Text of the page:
soldier beetle

(Trypherus frisoni)

Conservation Status
soldier beetle (Trypherus frisoni)
Photo by Alfredo Colon
  IUCN Red List

not listed

     
  NatureServe

not listed

     
  Minnesota

not listed

     
           
           
           
 
Description
 
 

Trypherus frisoni is a medium-sized, soft-bodied, soldier beetle. It occurs in North America in the Midwest, from Ontario and Ohio in the east to Minnesota and Arkansas in the west. It is considered “not uncommon,” meaning that it occurs too frequently to be considered uncommon, bot not frequently enough to be considered common.

Adults are ¼ to long. The body is elongated, slender, and somewhat flattened, and has nearly parallel sides.

The head is much wider than the exoskeletal plate covering the thorax (pronotum). It is visible from above, not completely concealed by the pronotum. It is black above, yellow in front around the bases of the antennae. The mouth parts (mandibles) are yellowish and are directed forward. The antennae have eleven segments. They are long, thread-like, and dark brown. On the female, the tip of the abdomen has three lobes.

The pronotum is black with yellow margins. It is slightly wider than long and almost rectangular, with parallel sides, arced front margin, and wavy rear margin. It is flat above and has a broad, shallow, horse-shoe shaped depression near the middle of the base.

The wing covers (elytra) are leathery, flexible, and black, with bright, orangish-yellow tips. They are short, about twice as long as the pronotum, and cover less than half of the abdomen. The hind wings are black and long, but do not completely cover the abdomen.

The legs are long, slender, and mostly brownish-yellow. On the middle leg, the outer half of the third segment (femur) is black. On the hind leg, the tip of the femur and the entire fourth segment (tibia) are black. The end part of each leg (tarsus), corresponding to the foot, has 5 segments. The fourth segment has a lobe on the underside. On the middle and hind legs, the tarsi are black.

 
     
 

Size

 
 

Total Length: ¼ to

 
     
 

Similar Species

 
     
     
 
Habitat
 
 

Prairies

 
     
 
Biology
 
 

Season

 
 

Mid-June to late July

 
     
 

Behavior

 
 

 

 
     
 

Life Cycle

 
 

 

 
     
 

Larva Food

 
 

 

 
     
 

Adult Food

 
 

 

 
     
 
Distribution
 
 

Distribution Map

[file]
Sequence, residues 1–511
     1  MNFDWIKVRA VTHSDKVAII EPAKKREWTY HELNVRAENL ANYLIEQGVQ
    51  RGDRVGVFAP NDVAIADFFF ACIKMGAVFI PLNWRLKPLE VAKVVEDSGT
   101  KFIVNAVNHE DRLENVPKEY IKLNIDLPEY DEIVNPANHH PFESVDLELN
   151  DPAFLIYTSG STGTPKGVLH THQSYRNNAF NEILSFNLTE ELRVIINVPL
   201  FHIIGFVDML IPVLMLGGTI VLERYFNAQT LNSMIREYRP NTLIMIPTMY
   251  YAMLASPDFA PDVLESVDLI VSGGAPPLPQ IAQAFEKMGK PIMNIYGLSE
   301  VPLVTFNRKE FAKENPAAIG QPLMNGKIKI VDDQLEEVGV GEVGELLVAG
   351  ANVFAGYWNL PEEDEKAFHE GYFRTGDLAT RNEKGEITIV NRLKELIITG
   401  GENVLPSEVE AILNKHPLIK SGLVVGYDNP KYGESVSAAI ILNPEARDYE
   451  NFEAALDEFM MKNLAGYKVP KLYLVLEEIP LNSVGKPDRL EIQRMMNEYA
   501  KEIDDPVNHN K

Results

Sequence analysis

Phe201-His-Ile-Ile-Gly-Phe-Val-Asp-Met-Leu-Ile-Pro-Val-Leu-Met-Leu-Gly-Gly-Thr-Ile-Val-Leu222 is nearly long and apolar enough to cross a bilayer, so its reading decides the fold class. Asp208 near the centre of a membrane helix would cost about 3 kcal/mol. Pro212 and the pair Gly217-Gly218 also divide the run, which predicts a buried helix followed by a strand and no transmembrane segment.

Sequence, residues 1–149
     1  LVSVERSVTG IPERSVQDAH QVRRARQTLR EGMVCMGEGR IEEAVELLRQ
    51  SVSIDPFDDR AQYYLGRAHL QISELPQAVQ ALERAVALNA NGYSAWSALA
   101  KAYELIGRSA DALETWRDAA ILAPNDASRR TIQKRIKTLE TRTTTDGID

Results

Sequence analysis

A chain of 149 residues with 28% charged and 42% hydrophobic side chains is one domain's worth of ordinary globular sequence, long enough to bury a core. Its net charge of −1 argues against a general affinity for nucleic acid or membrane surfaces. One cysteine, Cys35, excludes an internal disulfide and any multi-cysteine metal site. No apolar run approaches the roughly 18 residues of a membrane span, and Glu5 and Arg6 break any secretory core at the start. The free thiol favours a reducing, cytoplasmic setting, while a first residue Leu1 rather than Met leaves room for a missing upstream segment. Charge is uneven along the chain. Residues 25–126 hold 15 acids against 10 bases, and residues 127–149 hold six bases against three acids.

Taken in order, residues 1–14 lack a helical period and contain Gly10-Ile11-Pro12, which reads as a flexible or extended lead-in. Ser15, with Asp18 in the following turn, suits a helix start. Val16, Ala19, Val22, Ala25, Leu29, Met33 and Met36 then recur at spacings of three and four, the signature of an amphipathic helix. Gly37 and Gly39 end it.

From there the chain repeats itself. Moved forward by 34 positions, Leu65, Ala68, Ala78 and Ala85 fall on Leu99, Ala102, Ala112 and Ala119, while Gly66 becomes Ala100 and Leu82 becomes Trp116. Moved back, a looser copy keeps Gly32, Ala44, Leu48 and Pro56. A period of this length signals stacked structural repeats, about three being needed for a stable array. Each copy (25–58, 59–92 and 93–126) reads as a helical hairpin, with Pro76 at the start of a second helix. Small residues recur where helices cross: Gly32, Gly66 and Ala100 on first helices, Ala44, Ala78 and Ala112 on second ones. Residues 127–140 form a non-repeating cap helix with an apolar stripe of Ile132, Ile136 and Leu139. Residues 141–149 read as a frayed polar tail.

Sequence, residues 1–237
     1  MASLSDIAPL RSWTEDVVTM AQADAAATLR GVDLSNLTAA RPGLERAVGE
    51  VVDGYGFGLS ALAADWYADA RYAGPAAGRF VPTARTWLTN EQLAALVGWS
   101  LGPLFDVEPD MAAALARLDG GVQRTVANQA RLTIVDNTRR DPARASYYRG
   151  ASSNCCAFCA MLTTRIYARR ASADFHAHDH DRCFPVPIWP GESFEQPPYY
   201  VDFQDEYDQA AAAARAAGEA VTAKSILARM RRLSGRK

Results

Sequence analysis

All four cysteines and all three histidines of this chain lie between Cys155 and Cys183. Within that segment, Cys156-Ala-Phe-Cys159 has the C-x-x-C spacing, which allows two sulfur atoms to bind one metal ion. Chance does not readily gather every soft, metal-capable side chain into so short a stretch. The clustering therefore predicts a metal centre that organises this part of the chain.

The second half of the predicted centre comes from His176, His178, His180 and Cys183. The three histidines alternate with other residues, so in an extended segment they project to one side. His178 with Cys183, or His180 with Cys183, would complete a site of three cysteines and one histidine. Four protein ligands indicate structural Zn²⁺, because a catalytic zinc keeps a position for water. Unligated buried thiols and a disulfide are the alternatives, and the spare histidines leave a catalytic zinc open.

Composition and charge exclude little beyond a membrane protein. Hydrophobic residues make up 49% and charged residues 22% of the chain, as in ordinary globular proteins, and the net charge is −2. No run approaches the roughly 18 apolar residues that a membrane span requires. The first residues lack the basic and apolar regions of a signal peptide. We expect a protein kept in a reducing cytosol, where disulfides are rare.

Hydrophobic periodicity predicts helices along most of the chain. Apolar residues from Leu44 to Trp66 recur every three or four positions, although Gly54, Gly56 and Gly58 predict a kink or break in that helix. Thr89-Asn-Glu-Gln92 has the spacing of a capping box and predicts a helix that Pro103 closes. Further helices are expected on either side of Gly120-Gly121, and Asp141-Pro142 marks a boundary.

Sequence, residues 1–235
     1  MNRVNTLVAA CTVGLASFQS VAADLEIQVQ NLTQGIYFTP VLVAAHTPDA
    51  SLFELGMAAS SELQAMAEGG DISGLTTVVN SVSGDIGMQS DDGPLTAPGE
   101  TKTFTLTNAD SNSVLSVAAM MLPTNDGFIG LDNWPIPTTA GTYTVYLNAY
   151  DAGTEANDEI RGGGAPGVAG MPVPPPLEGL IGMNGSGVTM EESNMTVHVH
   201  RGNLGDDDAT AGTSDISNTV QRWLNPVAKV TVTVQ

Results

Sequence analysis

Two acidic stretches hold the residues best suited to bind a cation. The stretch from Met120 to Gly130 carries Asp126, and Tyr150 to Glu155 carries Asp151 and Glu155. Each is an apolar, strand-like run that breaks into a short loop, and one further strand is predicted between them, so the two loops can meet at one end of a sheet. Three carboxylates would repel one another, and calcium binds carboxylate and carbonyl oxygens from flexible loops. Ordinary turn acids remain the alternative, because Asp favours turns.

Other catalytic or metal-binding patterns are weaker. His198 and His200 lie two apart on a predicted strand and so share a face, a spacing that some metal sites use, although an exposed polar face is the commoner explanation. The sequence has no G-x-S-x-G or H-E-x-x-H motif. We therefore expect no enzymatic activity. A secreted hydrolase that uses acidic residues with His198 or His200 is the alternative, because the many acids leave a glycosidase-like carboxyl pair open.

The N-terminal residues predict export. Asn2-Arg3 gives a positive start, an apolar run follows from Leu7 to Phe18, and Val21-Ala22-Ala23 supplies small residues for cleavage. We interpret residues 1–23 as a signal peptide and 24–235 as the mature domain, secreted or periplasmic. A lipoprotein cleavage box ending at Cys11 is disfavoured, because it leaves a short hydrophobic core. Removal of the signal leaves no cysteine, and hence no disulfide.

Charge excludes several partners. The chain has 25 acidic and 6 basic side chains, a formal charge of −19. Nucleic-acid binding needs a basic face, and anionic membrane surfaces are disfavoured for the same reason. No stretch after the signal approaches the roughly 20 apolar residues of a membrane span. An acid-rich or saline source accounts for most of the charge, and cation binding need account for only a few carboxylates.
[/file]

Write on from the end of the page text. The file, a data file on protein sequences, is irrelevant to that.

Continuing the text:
Sources

24, 29, 30.

 
  4/10/2019      
         
 

Occurrence

 
 

Not uncommon

 
         
 
Taxonomy
 
 

Order

Coleoptera (beetles)  
 

Suborder

Polyphaga (water, rove, scarab, longhorn, leaf and snout beetles)  
 

Infraorder

Elateriformia  
 

Superfamily

Elateroidea (click, firefly and soldier beetles)  
 

Family

Cantharidae (soldier beetles)  
 

Subfamily

Chauliognathinae  
 

Tribe

Ichthyurini  
 

Genus

Trypherus  
       
 

Synonyms

 
 

 

 
       
 

Common Names

 
 

This species has no common name. The common name of the family Cantharidae is soldier beetles, and is applied here for convenience.

 
       

 

 

 

 

 

 

 

Glossary

Elytra

The hardened or leathery forewings on an insect used to protect the fragile hindwings, which are used for flying, in beetles and true bugs.

 

Femur

On insects and arachnids, the third, largest, most robust segment of the leg, coming immediately before the tibia. On humans, the thigh bone.

 

Pronotum

The saddle-shaped, exoskeletal plate on the upper side of the first segment of the thorax of an insect.

 

Scutellum

The exoskeletal plate covering the rearward (posterior) part of the middle segment of the thorax in some insects. In Coleoptera, Hemiptera, and Homoptera, the dorsal, often triangular plate behind the pronotum and between the bases of the front wings. In Diptera, the exoskeletal plate between the abdomen and the thorax.

 

Tarsus

The last two to five subdivisions of an insect’s leg, attached to the tibia; the foot. Plural: tarsi.

 

Tibia

The fourth segment of an insect leg, after the femur and before the tarsus (foot).

 

 

 

 

 

       
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Alfredo Colon
       
  soldier beetle (Trypherus frisoni)   soldier beetle (Trypherus frisoni)
       
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Alfredo Colon
8/5/2018

Location: Woodbury, Minnesota

soldier beetle (Trypherus frisoni)


     
     
 
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Created: 4/10/2019

Last Updated:

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